Maples Reserves pose a threat right across the team whether it be the lightning speed and Riverdance-like feet of Nicky Keogh; the circa 1957 Elvis hip swivel of Neil Montgomery; the languid low-rider running style of Jyoti Choi or the Highland Terrier-like scampering of Andrew “Westie” West. Tries came at regular intervals but none more significant or controversial than the ‘Reserves fourth try, where Choi, having collided with Island Air’s Sheila Crosby and taking her completely out of the game, then exploited the defensive gap caused by her being prostrate on the floor to eventually score himself.

It was an unusual occurrence and although unintended was significant none the less. Referees Henshaw and Shelver debated long and hard and eventually the try was given. More than one eyebrow was raised in the stands at that decision. A half-time score of 7-3 paid tribute to the tenacity of Island Air and Neal Ainscow in particular but the crowd felt the writing was on the wall. It did not make good reading for Island Air.

The second half became a procession with tries for Dan “Des” O’Connor (3), Wiki “Pedia” Hitchman (2), and Elvis Montgomery.  By the end, Island Air were more lost than Flight 370 and I doubt even the full resources of CNN and their myriad of search-and-rescue analysts and experts could locate their chances of winning this one. Final score 14-4 to Maples Reserves.

The second semi-final saw SteppingStones take on Heineken Brew Crew. A quick glimpse at the team sheets showed this to be a game of seasoned Touch players full of guile and nouse (SteppingStones) against a team dependent on youthful vigour, pace and energy brought to it by its band of inexperienced by highly skilled National Rugby players (Heineken Brew Crew). Therefore it was a shocking blow to the ‘Crew when five players were withdrawn from their roster due to National Squad commitments, leaving an average age approaching 40.

Stripped of all their most potent weapons they were like a gunslinger going to a stand-off with rolled-up newspaper. They might make a make a couple of hits if they could get close enough but hardly deadly. And yet it was Heineken who scored first. Steve “the Baker” Henshaw crossed the whitewash in the first minute and briefly (well for just two minutes) Brew Crew dared to dream. However, that dream soon turned to a nightmare as Scott McCarty (3), Simon Raftopolous (4), Morgan Shelver (3), Rudolf Weder, Shaun McDermot and Emily Davies racked up the tries. Time and again SteppingStones would break through the aging defensive line on halfway and with no speed in the chasers they would canter on to score at a trot. If it was a boxing match the referee would have stopped it as Heineken were taking metaphorical punch after punch. They were beaten and at times looked broken. Final score 13-2.

The final game saw a 5th and 6th place play-off between Maples and KPMG. Both teams have struggled this year through either a lack of experience, players or general fitness against the bigger guns in the League.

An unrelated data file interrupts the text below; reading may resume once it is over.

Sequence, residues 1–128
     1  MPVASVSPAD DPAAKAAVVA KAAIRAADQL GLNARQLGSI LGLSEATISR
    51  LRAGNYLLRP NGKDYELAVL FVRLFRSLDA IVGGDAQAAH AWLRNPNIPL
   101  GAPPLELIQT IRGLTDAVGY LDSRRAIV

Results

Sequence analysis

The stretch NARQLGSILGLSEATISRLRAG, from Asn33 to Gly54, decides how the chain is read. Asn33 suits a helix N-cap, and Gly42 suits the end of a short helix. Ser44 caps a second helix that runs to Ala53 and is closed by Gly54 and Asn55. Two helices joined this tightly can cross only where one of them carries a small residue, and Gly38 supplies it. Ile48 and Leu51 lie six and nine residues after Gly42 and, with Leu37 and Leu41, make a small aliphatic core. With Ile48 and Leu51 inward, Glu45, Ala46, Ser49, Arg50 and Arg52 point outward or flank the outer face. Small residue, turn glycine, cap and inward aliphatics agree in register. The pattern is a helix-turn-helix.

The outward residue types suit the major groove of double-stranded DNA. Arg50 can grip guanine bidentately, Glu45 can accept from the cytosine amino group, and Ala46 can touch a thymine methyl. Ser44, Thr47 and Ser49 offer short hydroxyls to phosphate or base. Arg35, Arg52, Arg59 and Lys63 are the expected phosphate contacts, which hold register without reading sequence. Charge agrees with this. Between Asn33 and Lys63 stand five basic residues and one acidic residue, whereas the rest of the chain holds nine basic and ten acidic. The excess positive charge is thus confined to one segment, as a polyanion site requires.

Maples have looked good in parts this season and they probably saved their best for this game winning by 11 tries to 1. The try of the game, indeed the try of the day was scored by their dynamic strike runner Nino Dilbert. He had been having a good game running in four excellent scores from nice offloads but his individual try in the second half was something to behold – literally poetry in motion. Picking the ball up just over halfway he span, toe-looped, salchow-ed and axel-ed his way through a KPMG defence left to clutch at the thinnest of straws.

It was mesmerizing stuff and his own team just stood in awe and wonder as he pirouetted through to score a magnificent try. Ably supported with scores by Michelle Bailey (2), and Finn O’Hegarty (2), Paul “Barrel” Johnson and Ruan Van “Rental” Vuuren it proved all too much for KPMG. They never gave up though and a consolation score for Mark Bakker was well deserved.

 

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Cayman sailors take 3rd place in J22 Worlds

| 21/05/2014 | 0 Comments

(CISC): Brothers, Mike and Simon Farrington have returned from South Africa where they successfully clinched a podium finish in the J22 World Championships. Although they sail against each other on different boats here in Cayman, they teamed up and sailed a great regatta clinching three second place finishes in the 11 race competition.This is the 4th World Championships in which Mike Farrington has represented Cayman and the results have shown a steady increase. “After competing in two championships in the USA we came fourth last year in France and now we have got in on the medals” explained a very happy skipper. “Who knows, perhaps next year in Germany we can do even better.”

Brother Simon was equally upbeat. “We had hoped to have Coach Raph on the team this year and with his skills we might have taken second place. Our substitute crew Ilianna did a great job and the winds were light. Next year the Baltic Sea in Germany might be a bit of a challenge temperature wise!”

Sailing club manager Rick Caley was full of praise. “They are both very successful sailors here at home but to go out and put yourself up against the best of the world in a very competitive sailing fleet is a great achievement for local sailors. Our youth sailors are off to China this summer to represent Cayman in the Youth Olympic Games and so it has been a very successful year and shows that we have a lot of talent on our small island.”

 

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Lionfish sting Wahoos in dramatic touch encounter

| 21/05/2014 | 1 Comment